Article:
Accor Hotels have a competition that invites bloggers to write about one of their favourite cities. The idea is to show three reasons why you love it and the prize is three-night stay for two, in London, Paris and Amsterdam. They’re including transport by Eurostar and even spending money, doesn’t that sound wonderful?
One of my favourite cities is Marrakech, a passion that began way back in 1969 when Crosby, Stills and Nash released the track Marrakech Express. I was very young, but something in that song intrigued me, from then on Marrakech seemed like a very exotic destination, even though at the time I would have struggled to find it on a map.
A few years ago I finally made it and it didn’t disappoint one bit, in fact I loved it so much I returned for a second visit. It’s difficult to narrow it down to just three things I love about it, but the first I’ve chosen is Les Jardins Majorelle. Originally created by the artist Jacques Majorelle, who devoted forty years developing it into a lush paradise. The intense ultramarine cobalt colour that he used abundantly through the garden, later came to be known as Majorelle blue.
When Majorelle passed away, the garden became neglected and would have been destroyed and replaced by an hotel, had it not been for the vision of Yves Saint Laurent and Pierre Berge, who bought and began the restoration process.
There is now a memorial to Saint Laurent in the garden and Berge gifted it to the Foundation Pierre Berge and Yves Saint Laurent.
Bahia Palace – meaning ‘the beautiful’ was built in the 19th century by Grand Vizier Si Moussa. It has two acres of gardens and around 160 rooms, some of which are open to the public. The main attraction for me is the ornate tile work on floors, walls and ceilings. These are multicoloured Zellij mosaic, in Islamic, Andalucian and Moorish style, with green ceramic roof tiles.
There is also some delicate stucco work that reminds me of the jail screens in Rajasthan – used in the womens quarters of major palaces as well as havelis. Naturally the Bahia once had a harem filled with concubines.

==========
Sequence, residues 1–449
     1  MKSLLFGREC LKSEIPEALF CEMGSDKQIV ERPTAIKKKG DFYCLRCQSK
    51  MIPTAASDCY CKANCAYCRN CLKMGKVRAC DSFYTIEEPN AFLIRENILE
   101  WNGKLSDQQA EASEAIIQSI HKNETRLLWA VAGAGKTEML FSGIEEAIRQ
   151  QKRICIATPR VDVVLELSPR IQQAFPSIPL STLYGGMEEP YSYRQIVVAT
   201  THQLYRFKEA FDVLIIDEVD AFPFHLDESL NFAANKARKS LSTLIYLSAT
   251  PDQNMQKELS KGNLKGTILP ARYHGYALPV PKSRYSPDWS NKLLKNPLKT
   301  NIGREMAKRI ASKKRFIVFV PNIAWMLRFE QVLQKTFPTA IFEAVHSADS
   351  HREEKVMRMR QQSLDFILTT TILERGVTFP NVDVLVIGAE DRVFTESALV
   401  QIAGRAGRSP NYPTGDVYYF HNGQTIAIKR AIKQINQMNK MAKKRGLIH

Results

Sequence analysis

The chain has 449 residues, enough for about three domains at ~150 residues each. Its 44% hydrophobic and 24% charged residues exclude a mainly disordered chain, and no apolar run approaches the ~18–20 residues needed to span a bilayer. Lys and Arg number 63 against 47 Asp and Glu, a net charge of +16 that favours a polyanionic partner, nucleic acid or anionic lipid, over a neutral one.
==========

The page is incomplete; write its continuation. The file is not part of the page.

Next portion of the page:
The palace can be found in the medina, next to the Jewish quarter and is open daily, unless there are royal visitors. It is one of the cheapest places to visit in Marrakech, about a pound, plus a small tip if you have a guide.
Last but not least on my list, is La Place Jemaa el Fna, a UNESCO world heritage site for ‘the Oral and Intangible Heritage of Humanity’. I think it’s a love it or hate it kind of place, that many would describe as crazy and impossible. By day the vast square is a sun trap, only copious quantities of the best and cheapest orange juice ever will keep you going. Luckily the stalls are everywhere, as are the caleches, ready to take you around the city for a negotiable fee.
As the sun begins to go down, if you want to take it easy, head for one of the roof terrace cafes, and sit back and enjoy the spectacle.
Every night, La Place is transformed into a huge open sea of eating places and it has to be tried at least once during your stay. The food is freshly cooked and the air quickly fills with smoke, but its tasty and authentic. Anything thing you want, and an awful lot of things you didn’t know you wanted, can be bought around the square and the souk. If you show any interest in an item they will do their utmost to get you to part with your money, but I found it to be good natured haggling.
Before you leave the square, have a wander through the crowds. You will find snake charmers, tooth pullers, henna artists, story tellers, fortune tellers and monkey handlers – I’d avoid those if I were you!
I hope you enjoyed visiting Marrakech with me, the competition ends tomorrow but if you’re very quick . . .